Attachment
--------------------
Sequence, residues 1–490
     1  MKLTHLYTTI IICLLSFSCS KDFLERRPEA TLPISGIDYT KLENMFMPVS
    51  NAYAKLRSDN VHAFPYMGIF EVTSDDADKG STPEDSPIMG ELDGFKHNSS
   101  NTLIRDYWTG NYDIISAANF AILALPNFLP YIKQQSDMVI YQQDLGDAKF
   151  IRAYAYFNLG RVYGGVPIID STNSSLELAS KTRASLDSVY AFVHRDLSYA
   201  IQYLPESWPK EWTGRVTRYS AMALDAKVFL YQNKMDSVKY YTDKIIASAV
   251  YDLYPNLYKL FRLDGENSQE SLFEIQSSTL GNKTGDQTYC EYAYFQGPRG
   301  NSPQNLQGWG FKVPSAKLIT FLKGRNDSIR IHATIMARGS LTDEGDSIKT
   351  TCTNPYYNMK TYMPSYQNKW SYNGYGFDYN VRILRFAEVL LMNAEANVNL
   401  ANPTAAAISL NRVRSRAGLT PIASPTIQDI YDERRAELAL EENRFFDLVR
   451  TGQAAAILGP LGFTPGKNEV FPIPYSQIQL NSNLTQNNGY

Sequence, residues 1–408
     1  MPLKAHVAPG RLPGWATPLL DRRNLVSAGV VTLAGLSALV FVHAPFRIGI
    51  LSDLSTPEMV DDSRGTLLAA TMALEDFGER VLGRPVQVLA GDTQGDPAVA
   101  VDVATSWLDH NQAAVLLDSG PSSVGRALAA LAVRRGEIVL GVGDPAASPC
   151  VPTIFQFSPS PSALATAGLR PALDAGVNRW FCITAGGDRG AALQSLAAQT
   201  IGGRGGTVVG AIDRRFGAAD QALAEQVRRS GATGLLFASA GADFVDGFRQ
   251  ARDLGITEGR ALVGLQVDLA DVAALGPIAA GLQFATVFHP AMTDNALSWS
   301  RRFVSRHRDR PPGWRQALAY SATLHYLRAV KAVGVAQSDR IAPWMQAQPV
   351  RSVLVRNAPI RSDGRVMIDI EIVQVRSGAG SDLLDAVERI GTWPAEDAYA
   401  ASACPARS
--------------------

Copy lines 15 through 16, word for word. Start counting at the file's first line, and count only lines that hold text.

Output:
   101  VDVATSWLDH NQAAVLLDSG PSSVGRALAA LAVRRGEIVL GVGDPAASPC
   151  VPTIFQFSPS PSALATAGLR PALDAGVNRW FCITAGGDRG AALQSLAAQT